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EDITOR’S PICK: 7 Tests to Find Bugs in Your Software

Software debugging!

Are you looking to get into software development? Maybe you have an idea for an application you’re looking to get off the ground? Whatever the case, once the hard part is over follow this guide to make sure your software is perfect and ready for the world.

Black Box testing
One of the most common forms of testing, Black Box testing treats the software itself as a black box: you are only concerned with inputs and outputs. If you do something within the software, is the result what you expected?

Black box testing covers a variety of techniques, including boundary value analysis, equivalence partitioning, and fuzz testing.

However, black-box testing doesn’t present the reasons for any errors and therefore can make it difficult to come up with design test cases.

White Box testing
If you understand the ins and outs of your system you can move onto white box testing. You should test the internal security holes, broken paths in the coding, the flow of inputs through the code, the expected output, and the function of each object individually. It’s a fast way of discovering problems and solving them.

One technique, branch coverage, will check every possible path of an application, looking for bugs with a control flow graph. However, it does often require professional resources and a detailed understanding of programming.

Functional testing
Functional testing focuses on the functionality of the application. Specifically, testing would focus on aspects such as performance, useability, resilience, security, and scalability. It is the first round of testing because it involves the biggest potential problems of an application which has to be nailed down before going into finer detail.

The first step is to understand the functional requirements. Is the software doing what it is supposed to be doing? Identify the purpose of the software and its features. Are they easy to use? Are they performing as expected? From there you can figure out the expected outcomes with selected test input values, conduct test cases, and compare the result.

Automated testing
Taking a lot of the manual labor out of the equation, automated testing is the faster, more efficient, and therefore cheaper, means of testing for bugs. It also makes it easier to test for multilingual sites.

Test cases that are repeatedly executed or are tedious or time-consuming can be run through an automated tool to test multiple aspects of the software in a lesser amount of time.

There are many automation tools to choose from so look out for how easy it is to use, its ability to test databases, object identification, image testing, and error recovery testing.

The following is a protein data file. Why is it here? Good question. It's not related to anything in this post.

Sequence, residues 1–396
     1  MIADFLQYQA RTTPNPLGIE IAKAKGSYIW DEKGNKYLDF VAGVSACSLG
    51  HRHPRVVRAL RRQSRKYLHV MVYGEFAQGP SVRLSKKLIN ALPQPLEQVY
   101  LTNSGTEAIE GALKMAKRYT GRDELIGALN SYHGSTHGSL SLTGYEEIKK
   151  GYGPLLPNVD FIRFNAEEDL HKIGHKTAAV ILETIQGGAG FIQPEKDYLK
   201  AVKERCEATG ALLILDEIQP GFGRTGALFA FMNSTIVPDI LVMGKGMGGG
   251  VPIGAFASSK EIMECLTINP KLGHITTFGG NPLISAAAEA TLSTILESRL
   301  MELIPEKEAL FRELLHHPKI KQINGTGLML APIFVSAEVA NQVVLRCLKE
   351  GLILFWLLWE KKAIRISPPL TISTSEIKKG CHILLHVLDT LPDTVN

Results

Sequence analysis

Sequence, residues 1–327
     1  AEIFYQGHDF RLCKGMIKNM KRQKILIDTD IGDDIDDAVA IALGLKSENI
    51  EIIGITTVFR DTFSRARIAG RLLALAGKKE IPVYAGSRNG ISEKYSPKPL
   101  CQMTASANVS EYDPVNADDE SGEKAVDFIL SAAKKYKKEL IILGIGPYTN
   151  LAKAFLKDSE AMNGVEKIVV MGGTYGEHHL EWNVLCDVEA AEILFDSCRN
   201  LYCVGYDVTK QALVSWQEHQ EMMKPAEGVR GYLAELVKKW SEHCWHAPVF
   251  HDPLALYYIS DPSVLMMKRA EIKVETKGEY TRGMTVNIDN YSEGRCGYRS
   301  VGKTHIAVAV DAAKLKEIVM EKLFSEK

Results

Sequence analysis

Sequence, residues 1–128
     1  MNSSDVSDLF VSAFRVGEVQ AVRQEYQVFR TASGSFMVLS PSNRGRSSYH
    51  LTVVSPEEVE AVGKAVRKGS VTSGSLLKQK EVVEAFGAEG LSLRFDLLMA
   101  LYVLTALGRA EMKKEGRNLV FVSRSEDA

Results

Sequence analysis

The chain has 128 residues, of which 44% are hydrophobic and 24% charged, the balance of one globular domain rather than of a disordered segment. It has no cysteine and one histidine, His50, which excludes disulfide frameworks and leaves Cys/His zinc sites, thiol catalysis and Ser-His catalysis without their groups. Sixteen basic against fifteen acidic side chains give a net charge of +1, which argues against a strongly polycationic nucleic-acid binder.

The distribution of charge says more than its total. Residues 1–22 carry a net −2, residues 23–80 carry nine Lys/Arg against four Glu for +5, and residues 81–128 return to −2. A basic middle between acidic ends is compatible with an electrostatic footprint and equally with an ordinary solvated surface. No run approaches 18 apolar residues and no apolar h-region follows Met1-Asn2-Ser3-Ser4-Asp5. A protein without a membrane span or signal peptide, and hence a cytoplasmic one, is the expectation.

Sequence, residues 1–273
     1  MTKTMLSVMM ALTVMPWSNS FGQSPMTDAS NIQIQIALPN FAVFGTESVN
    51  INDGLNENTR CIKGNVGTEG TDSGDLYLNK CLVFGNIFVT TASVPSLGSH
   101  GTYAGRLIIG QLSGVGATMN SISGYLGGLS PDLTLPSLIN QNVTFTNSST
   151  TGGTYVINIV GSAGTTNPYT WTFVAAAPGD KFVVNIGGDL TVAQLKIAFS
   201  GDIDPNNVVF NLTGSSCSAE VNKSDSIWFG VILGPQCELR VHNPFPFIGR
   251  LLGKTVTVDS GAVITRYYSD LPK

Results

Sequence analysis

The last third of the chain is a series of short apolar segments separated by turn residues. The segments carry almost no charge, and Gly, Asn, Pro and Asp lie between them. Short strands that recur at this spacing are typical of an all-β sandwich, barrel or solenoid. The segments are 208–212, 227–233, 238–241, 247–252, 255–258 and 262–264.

Regression testing
Regression testing confirms that a change in program or code hasn’t adversely affected existing features in your software.

Mainly made up of tests already executed, regression testing is done by taking relevant test cases that have been affected by an alteration and retesting them all with a variety of tools. Select test cases that have frequent defects have functionalities that are more visible to users and demonstrate the goals and features of the product.

Exploratory testing
The looser means of testing, exploratory testing omits the use of test cases and allows the tester to check systems on a whim. Treating testing as a less tedious and more thoughtful activity focuses on discovery, investigation, and learning.

It also uses the tools automation hasn’t got yet, namely: prediction, suggestion, refinement, and collaboration. A human can go through the software and take notes, making predictions and suggestions for improvement that an automated tool may have missed.

However, it relies on a tester’s skills and is not suitable long term due to money and time.

Acceptance testing
Acceptance testing focuses more on the objective of the software. It uses a test audience to test the requirements for a customer and what is expected of a software. For example, user acceptance testing assesses whether it is suitable for the consumer, business acceptance testing sees if it meets the business goals, regulation acceptance testing makes sure it keeps to the rules and regulations of the government, etc.

It tests the functionality and the usability of the system, but it needs to be controlled like a social experiment to get results and should be the final stage before handing it over to the public.

There are other forms of testing, like load testing which tests how the software performs with a lot of traffic, recovery testing from error conditions, and security testing. Have a look online for more detail on each of these and on top of a test plan, you will be on your way to developing a perfect application.


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